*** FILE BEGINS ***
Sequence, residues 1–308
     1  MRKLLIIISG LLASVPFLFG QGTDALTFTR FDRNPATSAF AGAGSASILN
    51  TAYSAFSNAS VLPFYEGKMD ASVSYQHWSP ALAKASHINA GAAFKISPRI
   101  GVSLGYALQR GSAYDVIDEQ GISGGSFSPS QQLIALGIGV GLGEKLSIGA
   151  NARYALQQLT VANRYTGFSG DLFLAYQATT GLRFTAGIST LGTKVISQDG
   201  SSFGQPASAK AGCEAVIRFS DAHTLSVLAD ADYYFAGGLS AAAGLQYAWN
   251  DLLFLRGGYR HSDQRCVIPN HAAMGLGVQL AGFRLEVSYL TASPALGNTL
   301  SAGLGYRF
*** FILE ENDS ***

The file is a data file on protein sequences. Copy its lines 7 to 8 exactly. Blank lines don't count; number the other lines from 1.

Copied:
   251  DLLFLRGGYR HSDQRCVIPN HAAMGLGVQL AGFRLEVSYL TASPALGNTL
   301  SAGLGYRF